I wonder how many people have a God-given dream in their heart that they have become hopeless and heart-sick over. Or how many have allowed the busyness of life to put a dream on the back burner to the point that it is almost forgotten. I wonder how many would be bold enough to take that dream to God in prayer and ask Him what to do with it. “We are not called to be spectators watching from the stands as the prince of darkness goes about to steal, kill, and destroy (John 10:10). Jesus said there is a shortage of workers, but the actual work will be done by God’s Spirit through you and me doing great things beyond our wildest imagination. It all begins when you offer yourself to serve.” (Spirit Rising, 188, Jim Cymbala).
I’m praying for fellow poppy planters. People that will invest their efforts in work that will reap an eternal harvest. May we pray the prophet Isaiah’s prayer: “Here am I Lord, send me!” (Isaiah 6:8).
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“Do you think my hair would do that?” I said as I looked at the cornrow hairstyles of my new friends in Sierra Leone. Eyes lit up and bright smiles shined on the girls’ faces as they called the name, “Yeama!”
These Sierra Leonean orphans, twenty-five of them sharing a house, all have their roles. Umaru leads a devotional for them each morning at 5:30 a.m., Abu #1 (the teenage Abu) trims the hair of the younger boys with a special comb, and the teenage girls help prepare their meals of rice. At 7 a.m. the teenage boys lead a workout routine. Though they have no running water in the house, they do have a gym. It consists of things like rigged metal pipes with paint cans on the end sitting in a corner of the main room. Who is the in-house hairdresser? Yeama.
And Yeama I needed. After spending just one day in the fierce Sierra Leonean heat and humidity, this girl’s locks were frizzing out like never before. I admired the girls’ elaborately designed hairstyles and thought I might just need one myself. Not only did I want to identify with them and let them help me with something, I thought my hair could really use some work.
That afternoon after I finished teaching some drawing classes, Yeama appeared with a comb and I knew my time had come. She moved a chair to the dirt yard beside their house, and then the fun began. With John and Mariama on my lap and at least a dozen kids gathered around, we got started. I took my ponytail holder off and my hair seemed to puff out to three times its normal size. Soon two more girls, Hanumatu and Animata were on the job (I think Yeama must have signaled for backup!) They were dividing hair, and pulling here and there (ouch). I loved having my new friends so close and visiting with them as they worked.
“She’s giving you a plant!” Animata said. Not only is she doing my hair, but she’s giving me a plant, too? I thought. Yeama chimed in. “With roses!” Seriously, roses? That sounded special, but I sure hadn’t seen anything close to roses since I had been in Sierra Leone, and especially not in their poor village. Where in the world will they find roses? I finally figured out the hairdo itself was called a plant and that the braids swooping upward into a ponytail on the top of my head were called roses.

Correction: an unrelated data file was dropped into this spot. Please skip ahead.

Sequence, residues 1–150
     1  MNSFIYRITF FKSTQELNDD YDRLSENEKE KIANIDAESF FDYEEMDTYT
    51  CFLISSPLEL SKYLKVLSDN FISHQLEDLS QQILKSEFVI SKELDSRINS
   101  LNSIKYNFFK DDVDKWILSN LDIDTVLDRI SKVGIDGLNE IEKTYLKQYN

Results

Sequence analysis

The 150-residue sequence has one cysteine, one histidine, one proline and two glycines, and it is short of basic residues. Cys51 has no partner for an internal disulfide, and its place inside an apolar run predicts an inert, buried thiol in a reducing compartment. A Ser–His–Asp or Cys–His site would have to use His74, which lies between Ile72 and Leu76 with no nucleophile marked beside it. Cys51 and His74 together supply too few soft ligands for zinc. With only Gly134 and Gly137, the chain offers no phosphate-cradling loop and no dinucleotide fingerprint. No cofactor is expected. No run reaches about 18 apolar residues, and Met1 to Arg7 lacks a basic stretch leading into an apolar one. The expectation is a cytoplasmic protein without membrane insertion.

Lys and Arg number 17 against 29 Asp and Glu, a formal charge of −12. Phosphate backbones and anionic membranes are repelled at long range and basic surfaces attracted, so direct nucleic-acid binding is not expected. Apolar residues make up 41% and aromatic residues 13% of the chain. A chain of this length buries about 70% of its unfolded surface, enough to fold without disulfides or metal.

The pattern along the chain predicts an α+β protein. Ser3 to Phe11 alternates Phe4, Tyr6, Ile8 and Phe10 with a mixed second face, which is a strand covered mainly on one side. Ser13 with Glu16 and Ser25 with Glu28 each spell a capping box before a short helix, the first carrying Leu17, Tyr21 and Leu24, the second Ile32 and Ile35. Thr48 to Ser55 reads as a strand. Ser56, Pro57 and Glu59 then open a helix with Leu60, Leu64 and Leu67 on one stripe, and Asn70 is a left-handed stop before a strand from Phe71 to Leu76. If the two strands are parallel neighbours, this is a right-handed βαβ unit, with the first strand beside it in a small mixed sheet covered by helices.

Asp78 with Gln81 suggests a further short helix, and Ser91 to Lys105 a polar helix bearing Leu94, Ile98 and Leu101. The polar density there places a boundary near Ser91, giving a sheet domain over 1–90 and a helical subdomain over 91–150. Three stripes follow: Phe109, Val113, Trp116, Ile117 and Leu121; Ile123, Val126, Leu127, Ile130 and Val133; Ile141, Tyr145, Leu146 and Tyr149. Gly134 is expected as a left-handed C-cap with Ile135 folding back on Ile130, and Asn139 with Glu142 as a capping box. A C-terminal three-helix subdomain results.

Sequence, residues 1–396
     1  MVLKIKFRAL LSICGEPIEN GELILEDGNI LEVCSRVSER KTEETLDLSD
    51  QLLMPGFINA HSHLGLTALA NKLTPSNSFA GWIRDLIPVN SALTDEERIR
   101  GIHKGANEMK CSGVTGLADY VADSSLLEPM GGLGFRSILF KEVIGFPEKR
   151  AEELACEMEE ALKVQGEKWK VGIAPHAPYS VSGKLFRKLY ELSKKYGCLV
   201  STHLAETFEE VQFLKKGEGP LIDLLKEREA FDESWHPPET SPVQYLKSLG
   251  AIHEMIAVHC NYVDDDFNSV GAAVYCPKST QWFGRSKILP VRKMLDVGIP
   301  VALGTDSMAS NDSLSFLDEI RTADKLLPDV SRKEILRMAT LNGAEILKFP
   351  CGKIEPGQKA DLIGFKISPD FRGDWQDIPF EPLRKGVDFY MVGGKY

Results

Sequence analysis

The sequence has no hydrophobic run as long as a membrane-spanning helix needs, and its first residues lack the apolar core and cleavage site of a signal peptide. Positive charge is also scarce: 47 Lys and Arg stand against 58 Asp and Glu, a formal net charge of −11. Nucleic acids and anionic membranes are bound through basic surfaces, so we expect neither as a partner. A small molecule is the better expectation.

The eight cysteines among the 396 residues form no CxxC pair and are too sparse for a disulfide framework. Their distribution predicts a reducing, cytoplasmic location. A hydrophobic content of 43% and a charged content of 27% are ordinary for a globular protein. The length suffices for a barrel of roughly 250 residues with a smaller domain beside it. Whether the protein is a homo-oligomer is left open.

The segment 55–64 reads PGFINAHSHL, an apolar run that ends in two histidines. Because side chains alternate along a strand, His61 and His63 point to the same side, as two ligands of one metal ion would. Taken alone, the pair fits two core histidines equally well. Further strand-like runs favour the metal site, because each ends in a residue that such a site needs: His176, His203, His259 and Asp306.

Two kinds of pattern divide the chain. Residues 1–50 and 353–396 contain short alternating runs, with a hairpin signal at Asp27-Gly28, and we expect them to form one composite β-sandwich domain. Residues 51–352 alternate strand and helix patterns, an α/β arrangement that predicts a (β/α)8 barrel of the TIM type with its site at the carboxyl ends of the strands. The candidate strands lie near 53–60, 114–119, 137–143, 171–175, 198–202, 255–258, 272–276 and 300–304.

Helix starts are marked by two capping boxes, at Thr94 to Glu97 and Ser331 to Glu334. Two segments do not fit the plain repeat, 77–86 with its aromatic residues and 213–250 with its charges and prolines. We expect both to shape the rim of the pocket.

I couldn’t help but smile the entire time as I watched the faces of the dozen or so children gathered around me. They were mesmerized, entertained, and amused by the whole process of this white woman getting a plant. Some of the little ones caught hairs as they fell from my head and sat and stroked the long, smooth strands. Others leaned their elbows on a nearby ledge and rested their chins on their fists as they sat quietly watching. Still others leaned in on me in whatever places the hairdressers weren’t standing.
We talked about everything from the bothersome acne problems of the thirteen-year-old to stories in the Bible. We sang some songs together, too. The praise songs were special, and they were impressed that I also knew some Justin Bieber songs. How they knew his songs I have no idea – they live in a primitive village in a tin home without electronics (nor electricity and running water, for that matter). As the sun lowered toward the horizon, we got a break from the scorching heat and an almost-cool breeze blew. Animata kept saying over and over again, “So beautiful, so beautiful, Auntie Brenna!” But, I didn’t realized just how awesome my hair looked until the end of that one-and-a-half hour session when the teenage girls broke out in the song “African Queen”!
About ten minutes before they were done, John got down from my lap and ran off. He returned, quietly leaning on my side with my bright pink backpack on his lap and my large water bottle in his hand, one of the many times he looked out for me and carried my things for me. As the children all walked me back to the Brockelman’s home at sunset, some holding my hands and others happily flitting around me, I couldn’t imagine a place I would rather be at that moment.
I kept my plant for a week. Through Brussels, Belgium; Chicago, Illinois, then back to Dallas. I guess I felt it was one way I could bring home with me a little bit of Yeama and my new friends. I wish they could have seen my hair the day it came out of the plant. I persuaded Micah to take the first shift. He worked undoing braids on the back for 30 minutes, and finally begged off the job by reminding me he had piano practicing to do. My ten-year-old Karis and her friends Kate, Bella and Meadow finished the job, leaving me with a hairdo bigger than the 1980’s Diana Ross had ever dreamed of.
I guess it’s only appropriate that I would end this blog with a Diana Ross song dedication for my new friends – her #1 hit “Ain’t No Mountain High Enough.”
It’s a tiresome 36-hour travel journey to you by planes, bus and boat, my new Sierra Leonean friends. But I want you to know that, Lord willing, there ain’t no mountain high enough, ain’t no valley low enough, ain’t no river wide enough to keep me away from you!